Walter Marino shouted to his 12-year-old son, Christopher, as he drifted farther away in the Atlantic Ocean. "To infinity," the father yelled. "And beyond," Christopher replied. After a rip current swept the boy and his father out to sea Saturday, darkness fell, and the sound of rescue helicopters and boats grew faint until they were nonexistent. Despite the danger, Christopher, who has autism, was enjoying himself, his father said. The boy lacks a fear of death because of his autism and finds comfort in the water, Marino told CNN. Marino finds comfort in his son. Their unique circumstances helped keep them alive for more than 12 hours in the open ocean, Marino said. "With many kids with autism, the thing that is so dangerous is that they have no concept of fear or fear of death," Marino said. "In this case, though, it perhaps saved him -- that and the fact that water is one of his favorite things. Whenever he goes missing or tries to run away, we can always find him near water ... even at the mall if it is just near a fountain." Christopher was laughing as the father and son were pulled farther and farther from Ponce Inlet, Florida. As the pair lunged for buoys -- and missed -- Christopher couldn't help but giggle. It was this spirit that helped ground Marino, the father said. "It was a big entertainment roller coaster for him, that's what got me through it -- because he wasn't freaking out," said Marino, 46. But after four hours at sea without a life vest, and after it became obvious that rescue operations had ceased for the night, jellyfish began to sting the pair. That began to "freak Christopher out," his father said. While Christopher is almost nonverbal in his communication, he and his father use catch phases from Disney movies, which the boy loves, to communicate. After four hours, the currents picked up, and Christopher began to drift from his father's reach. Because of the darkness, they couldn't see each other. So Marino shouted out part of a phrase to his son. "To infinity," Marino shouted, referencing one of Christopher's favorite lines from the movie "Toy Story." "And beyond," Christopher shouted back, pumping his fist in the air like movie character Buzz Lightyear. The call and response went on for a while, with Marino choosing different phrases and Christopher yelling back. But over the course of an hour, Christopher's voice faded until his father couldn't hear him anymore. "That's when I resigned myself to the fact that he was gone," Marino told CNN, saying he believed his son had been pulled under the water. At the time, Marino said, he thought about giving up, until he thought of his daughter Angela. She had just registered for ballroom dance classes, and he told himself over and over he would live to see her dance. "I just kept thinking about her and how I was not going to leave her without a brother and her father in the same day -- not on my watch," he told CNN. "It was the visual of her that kept me going."Read how the story turns out here.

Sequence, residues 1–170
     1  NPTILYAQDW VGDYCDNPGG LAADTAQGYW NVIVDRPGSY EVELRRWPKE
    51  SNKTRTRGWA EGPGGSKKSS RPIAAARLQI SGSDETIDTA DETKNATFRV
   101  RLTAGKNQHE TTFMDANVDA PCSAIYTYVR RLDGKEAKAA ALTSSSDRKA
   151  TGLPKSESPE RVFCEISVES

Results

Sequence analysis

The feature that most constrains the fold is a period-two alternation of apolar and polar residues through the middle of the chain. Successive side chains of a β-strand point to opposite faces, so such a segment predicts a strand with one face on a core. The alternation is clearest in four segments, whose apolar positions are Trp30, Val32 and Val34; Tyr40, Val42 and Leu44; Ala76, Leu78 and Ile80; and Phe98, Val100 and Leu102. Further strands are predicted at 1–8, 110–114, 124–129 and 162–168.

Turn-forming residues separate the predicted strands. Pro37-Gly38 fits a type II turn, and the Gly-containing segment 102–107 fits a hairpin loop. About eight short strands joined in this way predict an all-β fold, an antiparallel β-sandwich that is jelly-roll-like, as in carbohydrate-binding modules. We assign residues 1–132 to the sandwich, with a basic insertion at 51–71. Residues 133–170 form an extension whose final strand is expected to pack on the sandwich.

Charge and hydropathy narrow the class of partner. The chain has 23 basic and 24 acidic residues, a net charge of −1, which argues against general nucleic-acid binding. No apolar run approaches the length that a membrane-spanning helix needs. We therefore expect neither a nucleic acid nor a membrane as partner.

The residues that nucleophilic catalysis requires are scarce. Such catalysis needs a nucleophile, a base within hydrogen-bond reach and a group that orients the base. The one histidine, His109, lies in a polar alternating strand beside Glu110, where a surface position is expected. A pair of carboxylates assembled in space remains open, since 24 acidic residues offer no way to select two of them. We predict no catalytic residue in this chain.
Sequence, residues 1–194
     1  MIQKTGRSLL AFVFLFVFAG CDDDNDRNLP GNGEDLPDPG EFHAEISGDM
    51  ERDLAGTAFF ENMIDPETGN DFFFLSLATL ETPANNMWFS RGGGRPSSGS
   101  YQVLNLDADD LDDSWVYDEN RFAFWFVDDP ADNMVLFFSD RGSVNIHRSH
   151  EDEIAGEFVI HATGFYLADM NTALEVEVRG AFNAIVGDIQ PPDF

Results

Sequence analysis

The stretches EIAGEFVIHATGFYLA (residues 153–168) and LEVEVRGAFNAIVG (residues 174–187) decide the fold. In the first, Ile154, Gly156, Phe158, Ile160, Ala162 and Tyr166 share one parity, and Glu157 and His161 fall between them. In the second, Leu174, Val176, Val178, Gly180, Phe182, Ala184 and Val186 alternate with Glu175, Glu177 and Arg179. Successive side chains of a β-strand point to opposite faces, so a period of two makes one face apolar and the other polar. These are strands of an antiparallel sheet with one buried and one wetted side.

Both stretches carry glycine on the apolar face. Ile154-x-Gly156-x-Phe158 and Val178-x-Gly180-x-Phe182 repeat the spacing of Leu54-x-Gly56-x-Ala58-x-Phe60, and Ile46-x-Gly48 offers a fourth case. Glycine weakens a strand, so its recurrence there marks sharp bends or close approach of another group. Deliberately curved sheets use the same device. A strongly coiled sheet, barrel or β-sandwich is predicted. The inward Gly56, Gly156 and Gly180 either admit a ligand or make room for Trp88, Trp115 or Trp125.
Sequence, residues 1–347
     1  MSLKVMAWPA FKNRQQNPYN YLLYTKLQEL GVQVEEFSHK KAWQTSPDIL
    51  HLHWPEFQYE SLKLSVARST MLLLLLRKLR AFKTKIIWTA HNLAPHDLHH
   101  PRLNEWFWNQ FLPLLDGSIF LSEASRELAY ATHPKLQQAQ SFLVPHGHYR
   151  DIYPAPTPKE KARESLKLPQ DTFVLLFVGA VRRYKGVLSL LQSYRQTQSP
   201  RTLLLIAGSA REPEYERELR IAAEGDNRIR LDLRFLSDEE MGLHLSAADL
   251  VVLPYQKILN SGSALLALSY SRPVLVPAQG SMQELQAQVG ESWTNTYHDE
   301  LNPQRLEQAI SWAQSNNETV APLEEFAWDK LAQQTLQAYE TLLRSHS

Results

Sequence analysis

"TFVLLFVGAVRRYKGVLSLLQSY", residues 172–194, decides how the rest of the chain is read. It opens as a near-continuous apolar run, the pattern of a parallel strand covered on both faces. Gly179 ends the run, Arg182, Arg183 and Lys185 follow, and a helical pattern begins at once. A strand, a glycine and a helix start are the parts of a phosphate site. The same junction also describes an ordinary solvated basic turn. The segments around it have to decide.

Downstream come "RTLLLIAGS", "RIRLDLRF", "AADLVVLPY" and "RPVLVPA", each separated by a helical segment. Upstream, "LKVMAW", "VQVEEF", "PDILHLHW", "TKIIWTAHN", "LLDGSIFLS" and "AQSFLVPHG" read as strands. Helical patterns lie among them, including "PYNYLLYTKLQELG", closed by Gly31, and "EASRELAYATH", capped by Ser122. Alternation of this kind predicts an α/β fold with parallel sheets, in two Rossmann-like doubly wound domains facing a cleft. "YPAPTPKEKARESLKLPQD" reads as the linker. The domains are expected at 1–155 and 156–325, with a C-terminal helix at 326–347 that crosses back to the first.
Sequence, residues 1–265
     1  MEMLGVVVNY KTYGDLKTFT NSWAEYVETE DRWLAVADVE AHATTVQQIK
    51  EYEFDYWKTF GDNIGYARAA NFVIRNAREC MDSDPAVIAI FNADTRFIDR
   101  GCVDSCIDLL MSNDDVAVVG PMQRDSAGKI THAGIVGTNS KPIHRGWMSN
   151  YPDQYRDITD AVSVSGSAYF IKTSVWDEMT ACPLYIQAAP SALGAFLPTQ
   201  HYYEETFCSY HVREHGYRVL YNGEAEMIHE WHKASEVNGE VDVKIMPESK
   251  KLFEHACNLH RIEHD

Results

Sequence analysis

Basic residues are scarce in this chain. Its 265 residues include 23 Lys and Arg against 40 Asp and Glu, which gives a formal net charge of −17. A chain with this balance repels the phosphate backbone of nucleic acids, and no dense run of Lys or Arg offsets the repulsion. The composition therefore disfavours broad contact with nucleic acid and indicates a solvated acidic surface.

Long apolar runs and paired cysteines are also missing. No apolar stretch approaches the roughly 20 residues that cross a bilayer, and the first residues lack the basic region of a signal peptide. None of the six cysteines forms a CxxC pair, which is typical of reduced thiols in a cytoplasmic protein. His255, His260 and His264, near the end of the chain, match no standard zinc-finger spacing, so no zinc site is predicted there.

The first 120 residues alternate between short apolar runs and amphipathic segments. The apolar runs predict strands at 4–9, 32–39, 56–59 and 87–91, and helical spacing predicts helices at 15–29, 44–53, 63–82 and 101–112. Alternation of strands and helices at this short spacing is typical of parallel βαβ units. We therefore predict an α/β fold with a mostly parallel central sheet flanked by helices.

NPO publishes blog articles to inform and to stimulate conversation about issues of importance to NPO's mission. All blog articles express the opinions of the authors as individuals and do not necessarily reflect the views of National Parents Organization, its Board of Directors, or its executives.
Father & His Autistic Son Face Terrible Ordeal Together
Ponce Inlet, FL--"I just kept thinking about her and how I was not going to leave her without a brother and her father in the same day -- not on my watch...It was the visual of her that kept me going." Kelly, a longtime reader who has an autistic son, sent me this touching father-son story. From Boy's Illness Credited for Survival at Sea (CNN, 9/10/08):